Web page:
Everything is bright, colorful, polished, decorated, assessoried. Also opposite the desk there is a large table covered with every imaginable magazine and a selection of fresh newspapers.

Alexandre takes me up – in a brand–new elevator – to the sixth floor to show me my room. Entry is with a card in a door–slot, and the same card turns on the lights. What I see is not actually a 'room' – it a multi–room unit, large enough to sleep four in two rooms.

First there is a living room with a convertible sofa, tables, chairs, writing table, television, a hot–platephoto: sitting, deluxe for making café with everything else necessary, and a mini–bar with a digital–code safe in a cupboard above the café tools. The many framed paintings have their own lights.

The 'sitting' area in my 'room,' separate from the bedroom.

The adjoining bedroom is as large or larger, and its vaguely–oriental decor motive is repeated from the 'sitting–room.' The bed looks like the flight–deck of an aircraft carrier, but obviously softer. There is a sliding door between the two rooms and there are huge closets on either side of the entry, plus one large lower one. There is another big television set.

The bathroom is off the bedroom. It has a big bathtub and a lot of very nickeled taps and shower hoses, plus a fixed shower–head. There are so many lights and so much marble in it that you might want – or need – to wear sunglasses. There is a hairdryer and a shaving mirror, and a raft of complimentary soaps and other stuff for feeling good.

Starting with the lobby downstairs, there is wood panelling everywhere. It is real wood, and it shows up everywhere I look. Everything fits – there are no installation errors, no gaps, nothing loose, nothing half–right. Some of the striped wallpaper might be a bit too bright, but there are chambers without it – or with it, but restrained.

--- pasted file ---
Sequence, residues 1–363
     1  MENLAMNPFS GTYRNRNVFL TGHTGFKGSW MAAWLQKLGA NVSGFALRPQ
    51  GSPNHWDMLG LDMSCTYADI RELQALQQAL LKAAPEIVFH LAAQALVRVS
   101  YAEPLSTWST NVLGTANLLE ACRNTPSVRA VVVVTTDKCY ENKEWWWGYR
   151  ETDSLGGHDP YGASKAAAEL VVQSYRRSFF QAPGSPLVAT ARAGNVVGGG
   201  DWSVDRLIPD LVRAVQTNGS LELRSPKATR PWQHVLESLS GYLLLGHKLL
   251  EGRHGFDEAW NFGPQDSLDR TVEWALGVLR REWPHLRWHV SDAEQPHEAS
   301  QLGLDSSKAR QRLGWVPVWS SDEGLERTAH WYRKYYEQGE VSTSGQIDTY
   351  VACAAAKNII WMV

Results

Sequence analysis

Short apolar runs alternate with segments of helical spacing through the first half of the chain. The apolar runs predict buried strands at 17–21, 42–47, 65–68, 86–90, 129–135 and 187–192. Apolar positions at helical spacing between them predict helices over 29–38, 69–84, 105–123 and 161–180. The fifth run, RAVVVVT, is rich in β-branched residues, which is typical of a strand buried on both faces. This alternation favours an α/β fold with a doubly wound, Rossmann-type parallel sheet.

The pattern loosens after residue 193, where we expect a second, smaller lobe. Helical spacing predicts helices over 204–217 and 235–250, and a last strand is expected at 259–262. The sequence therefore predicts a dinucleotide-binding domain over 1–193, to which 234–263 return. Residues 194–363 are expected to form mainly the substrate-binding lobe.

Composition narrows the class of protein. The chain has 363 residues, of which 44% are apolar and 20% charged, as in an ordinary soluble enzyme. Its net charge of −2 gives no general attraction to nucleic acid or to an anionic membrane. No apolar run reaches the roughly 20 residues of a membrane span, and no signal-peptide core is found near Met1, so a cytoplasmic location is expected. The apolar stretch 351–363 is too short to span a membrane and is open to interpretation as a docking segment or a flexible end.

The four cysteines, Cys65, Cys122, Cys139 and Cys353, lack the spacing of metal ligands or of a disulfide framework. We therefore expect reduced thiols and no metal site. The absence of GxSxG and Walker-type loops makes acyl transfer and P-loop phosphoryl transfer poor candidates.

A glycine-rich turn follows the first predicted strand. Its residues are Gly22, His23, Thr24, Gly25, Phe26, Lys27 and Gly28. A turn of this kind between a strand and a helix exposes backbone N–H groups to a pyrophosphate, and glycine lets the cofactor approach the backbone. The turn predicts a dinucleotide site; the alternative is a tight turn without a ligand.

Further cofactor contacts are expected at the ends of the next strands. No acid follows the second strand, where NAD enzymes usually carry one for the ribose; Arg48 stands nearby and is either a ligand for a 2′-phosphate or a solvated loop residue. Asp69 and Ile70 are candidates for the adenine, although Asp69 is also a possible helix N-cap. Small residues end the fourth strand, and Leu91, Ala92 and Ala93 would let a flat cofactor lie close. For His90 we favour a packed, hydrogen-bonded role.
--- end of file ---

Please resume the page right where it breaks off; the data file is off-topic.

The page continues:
My room, my apartment, is called a 'deluxe.' On a tour of other chambers, the 'standard' one is only slightly smaller. A 'suite' is larger. The 'appartement' unit I see has a full bath plus a separate shower. It also has a small kitchen. It's probably twice the size of my flat in the 14th. There is, I see later, a small supermarket less than two blocks away and, a shop with Spanish hams named 'Jabugo Iberico & Co' just around the corner.

Alexandre tells me the whole hotel was converted from an apartment–hotel to its present state 18 months ago. Its interior was completely rebuilt. It doesn't seem to have aged a day since then.

The breakfast room is large and has some light coming in from the small interior courtyard. The buffetphoto: lounge is well–stocked with what you need to launch in the morning, and it is available until 11:00.

There is one chamber especially suitable for clients in wheelchairs. It has wider doorways and a much bigger bathroom. This is something all new hotels are required to have.

The resident's lounge, with the hotel's bar behind.